Fortunately, acceptable formaldehyde emission levels from wood panel products are continuously dropping. Some reasons for these levels to be lowered are public awareness, which creates a greater demand for non-hazardous products, as well as things such as government regulations. The International Agency for Research on Cancer, and the National Toxicology Program now recognize formaldehyde as a carcinogen. This has made the public more concerned on the topic, and has also gotten reactions by worker and consumer associations, environmental organizations, authorities, and the industry itself. Generally, all flooring manufactured in North America abides by the American National Standard for Particleboard (ANSI A208.1). This is the voluntary standard. In North America, the allowed formaldehyde emission levels are 0.20 ppm for particleboard. Flooring that is manufactured in Europe abides by the European E1 standard, which is 0.14 ppm. Flooring that is manufactured in Asia and imported to North America abide by the European E2 standard, which is 0.32 ppm. On April 26, 2007, the California Air Resources Board (CARB) approved an airborne toxic control measure. This control measure reduced acceptable formaldehyde emissions from hardwood plywood (HWPW), particleboard (PB), and medium density fiberboard (MDF). The CARB standard is for indoor products in the state of California, but will be the standard for the rest of North America, and is recognized around the world. The CARB rule was put into place in two phases. CARB I was implemented January 1, 2009. These standards for the allowed formaldehyde emissions were 0.08 ppm for HWPW, 0.18 ppm for PB, and 0.21 ppm for MDF. Two years after CARB I was introduced, CARB II was set and allowed emission levels were lowered. The new standards were set at 0.05 ppm for HWPW, 0.09 ppm for PB, and 0.11 ppm for MDF. CARB II is the law for formaldehyde emissions in California, but has yet to be implemented across the rest of the United States. The rest of the country is expected to abide by the CARB II standards in 2015.
Hallmark Floors has taken pride since the beginning of development to make sure all areas of production are closely monitored and in compliance with the CARB II standard. Hallmark Floors makes their glues in Japan, which was the first country to set formaldehyde standards. Hallmark Floors has actually been CARB II compliant years before the standard was put in place. Hallmark Floors has always believed in not only creating a quality product, but also an environmentally responsible product. Another way that Hallmark Floors ensures a reduction in the use of formaldehyde in their products is the exclusive use of hardwood plywood (HWPW). With maximum emission levels being at 0.05 ppm for HWPW, it is the lowest amount of formaldehyde emission allowed according to the CARB II standard. HWPW also requires the least amount of glue when being produced, so not only are the emission levels incredible low, but the amount of glue itself is lower than other composite woods.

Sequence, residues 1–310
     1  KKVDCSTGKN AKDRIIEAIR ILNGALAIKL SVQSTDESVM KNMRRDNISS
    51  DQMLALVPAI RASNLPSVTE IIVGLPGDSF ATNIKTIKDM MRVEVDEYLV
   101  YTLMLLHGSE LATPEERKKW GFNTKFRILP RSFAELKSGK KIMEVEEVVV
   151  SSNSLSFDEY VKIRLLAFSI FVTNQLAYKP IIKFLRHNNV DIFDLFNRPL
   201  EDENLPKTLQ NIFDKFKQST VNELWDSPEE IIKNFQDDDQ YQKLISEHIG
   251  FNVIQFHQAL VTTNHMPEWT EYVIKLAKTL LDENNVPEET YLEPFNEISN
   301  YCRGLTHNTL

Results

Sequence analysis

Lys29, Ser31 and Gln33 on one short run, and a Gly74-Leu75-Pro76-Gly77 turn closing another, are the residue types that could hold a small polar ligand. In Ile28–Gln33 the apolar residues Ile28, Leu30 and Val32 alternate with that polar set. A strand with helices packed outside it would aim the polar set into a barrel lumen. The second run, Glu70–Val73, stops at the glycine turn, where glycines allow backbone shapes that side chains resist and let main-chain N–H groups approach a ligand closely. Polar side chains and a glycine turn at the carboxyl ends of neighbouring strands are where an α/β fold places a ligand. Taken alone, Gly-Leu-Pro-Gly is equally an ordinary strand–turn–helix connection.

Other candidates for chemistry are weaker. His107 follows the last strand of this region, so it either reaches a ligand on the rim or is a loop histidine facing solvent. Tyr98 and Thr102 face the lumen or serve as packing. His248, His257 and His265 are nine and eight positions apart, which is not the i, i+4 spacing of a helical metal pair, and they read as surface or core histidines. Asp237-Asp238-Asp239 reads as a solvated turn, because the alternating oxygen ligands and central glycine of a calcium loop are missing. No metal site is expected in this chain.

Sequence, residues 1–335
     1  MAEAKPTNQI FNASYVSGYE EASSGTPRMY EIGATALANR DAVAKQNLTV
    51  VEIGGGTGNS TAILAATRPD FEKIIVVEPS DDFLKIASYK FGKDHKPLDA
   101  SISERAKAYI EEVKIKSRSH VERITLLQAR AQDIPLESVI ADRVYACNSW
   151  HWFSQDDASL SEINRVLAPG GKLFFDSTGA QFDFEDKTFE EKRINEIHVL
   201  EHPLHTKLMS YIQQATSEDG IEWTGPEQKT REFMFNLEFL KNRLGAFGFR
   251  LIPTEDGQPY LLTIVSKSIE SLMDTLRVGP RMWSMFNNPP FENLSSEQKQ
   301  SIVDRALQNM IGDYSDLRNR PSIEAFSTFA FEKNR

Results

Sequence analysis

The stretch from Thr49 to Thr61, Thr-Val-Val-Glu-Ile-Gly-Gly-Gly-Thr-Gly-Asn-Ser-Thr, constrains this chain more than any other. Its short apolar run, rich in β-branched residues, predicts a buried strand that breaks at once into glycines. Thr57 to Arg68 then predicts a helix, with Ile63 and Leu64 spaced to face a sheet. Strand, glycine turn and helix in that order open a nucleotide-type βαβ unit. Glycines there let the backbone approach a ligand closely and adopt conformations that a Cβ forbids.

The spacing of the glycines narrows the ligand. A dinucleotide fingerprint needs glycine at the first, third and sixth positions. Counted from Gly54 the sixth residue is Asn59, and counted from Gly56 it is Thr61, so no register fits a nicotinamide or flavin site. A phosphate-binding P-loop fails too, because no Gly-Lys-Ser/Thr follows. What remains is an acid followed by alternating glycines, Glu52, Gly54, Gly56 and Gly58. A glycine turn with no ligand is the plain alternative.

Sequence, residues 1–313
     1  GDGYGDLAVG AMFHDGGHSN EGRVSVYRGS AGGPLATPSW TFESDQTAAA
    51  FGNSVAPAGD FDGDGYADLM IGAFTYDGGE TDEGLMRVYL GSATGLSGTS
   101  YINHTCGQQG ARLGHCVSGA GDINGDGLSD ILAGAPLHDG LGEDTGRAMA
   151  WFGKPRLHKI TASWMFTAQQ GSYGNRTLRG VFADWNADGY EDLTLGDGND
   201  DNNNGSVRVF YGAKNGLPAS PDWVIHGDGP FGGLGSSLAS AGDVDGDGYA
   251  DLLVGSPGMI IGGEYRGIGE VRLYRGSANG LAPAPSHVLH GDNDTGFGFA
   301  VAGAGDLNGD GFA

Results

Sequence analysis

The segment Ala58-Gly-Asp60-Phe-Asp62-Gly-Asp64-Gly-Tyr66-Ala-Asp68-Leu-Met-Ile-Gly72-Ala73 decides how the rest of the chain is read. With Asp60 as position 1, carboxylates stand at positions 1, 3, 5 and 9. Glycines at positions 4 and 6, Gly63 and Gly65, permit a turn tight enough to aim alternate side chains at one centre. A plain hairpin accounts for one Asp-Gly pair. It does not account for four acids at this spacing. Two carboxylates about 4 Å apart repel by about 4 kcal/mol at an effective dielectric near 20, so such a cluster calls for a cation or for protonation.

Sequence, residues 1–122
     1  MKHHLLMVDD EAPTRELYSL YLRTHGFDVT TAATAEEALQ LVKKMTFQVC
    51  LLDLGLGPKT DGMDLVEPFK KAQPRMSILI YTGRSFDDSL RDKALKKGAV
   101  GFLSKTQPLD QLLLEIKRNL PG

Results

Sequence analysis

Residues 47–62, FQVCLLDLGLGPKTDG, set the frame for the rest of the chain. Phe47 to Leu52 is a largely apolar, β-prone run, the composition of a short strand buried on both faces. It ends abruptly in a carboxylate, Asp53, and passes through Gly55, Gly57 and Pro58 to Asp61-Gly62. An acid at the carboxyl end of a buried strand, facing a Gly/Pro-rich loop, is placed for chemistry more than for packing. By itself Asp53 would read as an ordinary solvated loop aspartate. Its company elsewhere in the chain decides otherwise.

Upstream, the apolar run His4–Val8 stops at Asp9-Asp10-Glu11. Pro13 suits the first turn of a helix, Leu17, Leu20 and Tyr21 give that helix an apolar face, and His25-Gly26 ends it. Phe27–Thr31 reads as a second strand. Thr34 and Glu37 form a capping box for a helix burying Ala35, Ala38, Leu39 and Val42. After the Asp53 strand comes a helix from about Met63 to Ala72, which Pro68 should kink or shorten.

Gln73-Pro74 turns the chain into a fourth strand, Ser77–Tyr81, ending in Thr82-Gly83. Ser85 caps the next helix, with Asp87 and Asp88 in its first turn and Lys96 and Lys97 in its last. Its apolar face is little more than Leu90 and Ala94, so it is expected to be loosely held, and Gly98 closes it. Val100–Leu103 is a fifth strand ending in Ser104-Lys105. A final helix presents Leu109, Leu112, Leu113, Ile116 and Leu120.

Comparison of International HWPW Emissions Standards
Standards CARB-P1: California Air Resources Board Phase 1 emission standard (Allow sell-through date for PB & MDF is unitil Dec 31, 2011) CARB-P2: California Air Resources Board Phase 2 emission standard (Enforcement date for PB & MDF is Jan 01, 2012) ANSI A208.1 & 2: North America voluntary standards ANSI A208.1- 2009 Particleboard & ANSI A208.2-2009 MDF (include most of industrial particle boards and MDF) E2: European E2 emission standard (Most import products from Asia are E2 or worse)
E1: European E1 emission standard E0: European E0 emission standard SE0: European Super E0 emission standard F**: Japanese F-Star2 emission standard F***: Japanese F-Star3 emission standard F****: Japanese F-Star4 emission standard JIS: Japanese Industrial Standard
Products HWPW: – Hardwood / Plywood PW: – Industrial plywood PB: – Particleboard MDF: – Medium density fiberboard ppm: – Parts per million
The properties in formaldehyde are exceptional and are not easily replaceable. Replacing formaldehyde also makes a product more expensive to produce, which will drive up costs not only for production, but also for a potential end user.
We are Carb II compliant. Formaldehyde exists naturally in many plant fibers. Formaldehyde has been found to be an excellent binding agent in the glues that hold the different layers of plywood, fiber type panels, strand board and engineered hardwood floors together. Low-emitting glue systems are formulated to encapsulate the formaldehyde to reduce the emissions they may give off. CARB II requires that formaldehyde emissions are reduced to a level more compatible with what would be found in natural outdoor air.
When using Hallmark Floors, a person is no more susceptible to allergic reactions than any other floor. The levels of formaldehyde in Hallmark’s products are so low that it is not possible to get a reaction from the formaldehyde content itself. It is easier to argue that someone’s allergic responses would be lower if they had Hallmark Floors installed in their home. A hard surface is always better for someone’s allergies than other floors such as carpet. Carpet soaks in dust particles, pollen, and other allergens that can become stuck into the fibers, while a hardwood or luxury vinyl keep these allergens on top of the floor, which are easily cleaned from the surface.
Hallmark Floors has four collections of luxury vinyl that use Nano control technology in their finish. The anti-microbial characteristics of this finish make the finish kill viruses and bacteria as they come in contact with the floor’s surface. The titanium dioxide additive in the finish reacts to light, which makes this possible without the use of harsh chemicals.